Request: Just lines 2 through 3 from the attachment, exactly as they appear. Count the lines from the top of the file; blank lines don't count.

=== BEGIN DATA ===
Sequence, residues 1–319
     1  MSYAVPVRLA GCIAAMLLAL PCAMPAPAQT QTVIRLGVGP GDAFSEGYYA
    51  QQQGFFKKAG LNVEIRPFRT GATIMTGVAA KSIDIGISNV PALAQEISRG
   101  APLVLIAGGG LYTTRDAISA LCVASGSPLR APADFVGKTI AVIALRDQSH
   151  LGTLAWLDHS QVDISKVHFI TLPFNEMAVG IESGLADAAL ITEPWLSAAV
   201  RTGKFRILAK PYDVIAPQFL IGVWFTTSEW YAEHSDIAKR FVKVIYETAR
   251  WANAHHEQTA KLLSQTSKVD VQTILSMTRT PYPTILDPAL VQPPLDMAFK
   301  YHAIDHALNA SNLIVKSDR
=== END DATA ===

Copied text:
     1  MSYAVPVRLA GCIAAMLLAL PCAMPAPAQT QTVIRLGVGP GDAFSEGYYA
    51  QQQGFFKKAG LNVEIRPFRT GATIMTGVAA KSIDIGISNV PALAQEISRG